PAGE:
A look at the roots of the Underground Railroad in Detroit

The Underground Railroad was a vast network of homes, churches, and businesses that helped black people move north to escape slavery, and for many Detroit was their last stop before they crossed the river to Canada. Calvin Moore, the lead historian for the Detroit Bus Company, took our Tati Amare on a tour of some of the places that played a major role in this network.

The first stop was the First Congregational Church of Detroit, located in Midtown. The church was organized on December 25th of 1844. Their building is currently located in Midtown Detroit on Woodward Avenue, but their original building was on Jefferson, right near the Detroit River, putting them in the perfect position to be a part of the Underground Railroad. Many of the Congregationalist churches in Michigan played a role in helping slaves gain their freedom because they were founded by people from New York who had strong anti-slavery views. Modernly, even though the current building was not a part of the Underground Railroad, the Church houses a museum in their basement with guided tours to give you an immersive storytelling experience.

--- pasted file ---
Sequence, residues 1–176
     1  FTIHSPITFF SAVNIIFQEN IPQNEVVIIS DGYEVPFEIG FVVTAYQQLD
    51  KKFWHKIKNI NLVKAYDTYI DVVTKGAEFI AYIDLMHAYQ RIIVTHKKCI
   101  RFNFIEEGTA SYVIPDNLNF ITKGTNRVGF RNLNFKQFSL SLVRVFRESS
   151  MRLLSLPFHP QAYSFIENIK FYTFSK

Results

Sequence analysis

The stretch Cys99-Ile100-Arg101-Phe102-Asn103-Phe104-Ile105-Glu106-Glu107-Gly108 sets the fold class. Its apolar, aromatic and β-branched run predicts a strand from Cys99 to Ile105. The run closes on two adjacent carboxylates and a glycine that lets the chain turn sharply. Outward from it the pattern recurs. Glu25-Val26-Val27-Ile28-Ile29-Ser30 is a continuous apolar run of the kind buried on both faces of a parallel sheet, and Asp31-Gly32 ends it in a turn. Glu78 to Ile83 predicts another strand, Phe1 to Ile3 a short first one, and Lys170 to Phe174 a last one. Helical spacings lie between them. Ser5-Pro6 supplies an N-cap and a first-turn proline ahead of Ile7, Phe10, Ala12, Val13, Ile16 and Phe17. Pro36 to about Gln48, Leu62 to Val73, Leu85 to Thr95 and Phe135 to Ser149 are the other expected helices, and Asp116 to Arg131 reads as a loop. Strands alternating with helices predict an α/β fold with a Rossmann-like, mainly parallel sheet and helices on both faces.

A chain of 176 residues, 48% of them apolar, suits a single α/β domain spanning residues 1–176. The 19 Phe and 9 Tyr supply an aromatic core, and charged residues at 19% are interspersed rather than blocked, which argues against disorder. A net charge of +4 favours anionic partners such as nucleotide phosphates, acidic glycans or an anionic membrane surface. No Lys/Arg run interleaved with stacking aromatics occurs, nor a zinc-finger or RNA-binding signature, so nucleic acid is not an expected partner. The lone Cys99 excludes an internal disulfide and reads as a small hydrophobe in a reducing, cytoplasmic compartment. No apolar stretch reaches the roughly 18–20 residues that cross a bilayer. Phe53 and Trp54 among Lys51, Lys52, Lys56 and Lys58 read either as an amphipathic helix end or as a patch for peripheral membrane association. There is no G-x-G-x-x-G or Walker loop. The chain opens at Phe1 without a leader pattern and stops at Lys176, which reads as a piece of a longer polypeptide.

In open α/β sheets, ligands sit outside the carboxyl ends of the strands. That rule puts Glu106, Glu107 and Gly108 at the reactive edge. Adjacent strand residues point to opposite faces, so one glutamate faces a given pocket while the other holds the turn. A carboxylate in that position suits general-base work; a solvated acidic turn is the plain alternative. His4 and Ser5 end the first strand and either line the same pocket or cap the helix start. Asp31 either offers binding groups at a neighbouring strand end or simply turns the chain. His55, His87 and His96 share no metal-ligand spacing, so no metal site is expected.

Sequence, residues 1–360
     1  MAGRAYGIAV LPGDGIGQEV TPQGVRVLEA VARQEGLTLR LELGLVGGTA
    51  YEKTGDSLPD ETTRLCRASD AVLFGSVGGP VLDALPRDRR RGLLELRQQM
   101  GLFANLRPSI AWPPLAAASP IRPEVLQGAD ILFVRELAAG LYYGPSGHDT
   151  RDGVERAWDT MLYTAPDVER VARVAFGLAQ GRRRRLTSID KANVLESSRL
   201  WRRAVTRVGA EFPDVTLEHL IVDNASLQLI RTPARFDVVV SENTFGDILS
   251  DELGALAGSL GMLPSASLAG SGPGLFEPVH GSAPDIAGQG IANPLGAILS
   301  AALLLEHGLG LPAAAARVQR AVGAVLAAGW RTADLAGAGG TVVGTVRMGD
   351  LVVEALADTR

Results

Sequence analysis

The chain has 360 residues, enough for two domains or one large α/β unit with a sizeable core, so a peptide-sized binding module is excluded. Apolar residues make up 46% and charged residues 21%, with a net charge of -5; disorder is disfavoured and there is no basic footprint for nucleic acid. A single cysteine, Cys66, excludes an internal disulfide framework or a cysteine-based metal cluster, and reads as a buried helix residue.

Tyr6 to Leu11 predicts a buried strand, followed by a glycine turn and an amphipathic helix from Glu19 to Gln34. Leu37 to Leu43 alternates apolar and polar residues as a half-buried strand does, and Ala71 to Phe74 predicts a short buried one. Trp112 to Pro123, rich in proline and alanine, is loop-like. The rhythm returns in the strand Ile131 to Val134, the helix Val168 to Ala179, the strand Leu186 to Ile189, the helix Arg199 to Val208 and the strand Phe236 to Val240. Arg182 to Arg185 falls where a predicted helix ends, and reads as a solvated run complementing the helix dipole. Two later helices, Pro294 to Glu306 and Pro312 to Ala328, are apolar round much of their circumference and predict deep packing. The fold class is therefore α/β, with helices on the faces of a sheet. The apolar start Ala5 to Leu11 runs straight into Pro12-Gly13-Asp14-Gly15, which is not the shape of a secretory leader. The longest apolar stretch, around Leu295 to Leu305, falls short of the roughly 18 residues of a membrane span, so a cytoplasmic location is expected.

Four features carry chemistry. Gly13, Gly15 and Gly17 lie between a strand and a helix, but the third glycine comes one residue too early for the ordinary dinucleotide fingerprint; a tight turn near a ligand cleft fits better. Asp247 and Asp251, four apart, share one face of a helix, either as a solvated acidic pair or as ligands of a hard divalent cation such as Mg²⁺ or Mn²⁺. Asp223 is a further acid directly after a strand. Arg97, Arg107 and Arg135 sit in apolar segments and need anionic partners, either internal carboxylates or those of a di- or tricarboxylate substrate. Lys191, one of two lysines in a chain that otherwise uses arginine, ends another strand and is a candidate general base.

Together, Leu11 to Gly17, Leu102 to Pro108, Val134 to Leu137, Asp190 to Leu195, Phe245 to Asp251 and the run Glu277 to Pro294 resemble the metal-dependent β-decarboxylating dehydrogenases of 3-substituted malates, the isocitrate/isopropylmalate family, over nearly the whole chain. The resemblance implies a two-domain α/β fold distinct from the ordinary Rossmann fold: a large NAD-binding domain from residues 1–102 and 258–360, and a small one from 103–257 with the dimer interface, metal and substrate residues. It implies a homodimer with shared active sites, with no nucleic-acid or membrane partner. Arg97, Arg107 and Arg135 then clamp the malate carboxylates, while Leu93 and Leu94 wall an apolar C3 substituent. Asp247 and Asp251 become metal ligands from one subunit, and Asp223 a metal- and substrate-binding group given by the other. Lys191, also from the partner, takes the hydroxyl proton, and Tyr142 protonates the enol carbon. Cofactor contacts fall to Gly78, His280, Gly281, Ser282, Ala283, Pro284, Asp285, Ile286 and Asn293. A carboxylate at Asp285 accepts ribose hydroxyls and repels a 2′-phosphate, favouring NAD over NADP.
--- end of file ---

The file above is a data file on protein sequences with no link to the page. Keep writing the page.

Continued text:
Another church that played a major role in the Underground Railroad was the Second Baptist Church. It was founded in 1836 by 13 former slaves, making it the oldest black congregation in Michigan. This important depot was known as the Croghan Street Station. While their current building is in Greektown, they used to be located about 1,000 yards from the Detroit River. They would hide runaway slaves in their basement and smuggle them across the Detroit River where bounty hunters couldn't go.

The final destination on this tour is the Gateway to Freedom Monument, which is located on the edge of Hart Plaza near the riverwalk. It features George DeBaptiste pointing towards Canada surrounded by runaway slaves. DeBaptiste was the conductor of the last station in the Underground Railroad. He bought a steamboat and helped move over 5,000 runaway slaves escape to freedom in Canada.

Moore said, "Detroit's role in the Underground Railroad is probably the most integral point in the Underground Railroad because finally, people could breathe a sigh of relief of being totally and utterly free, and they could live out the ideals of the United States Constitution that says, 'We hold these truths to be self-evident, that all men are created equal.'" 

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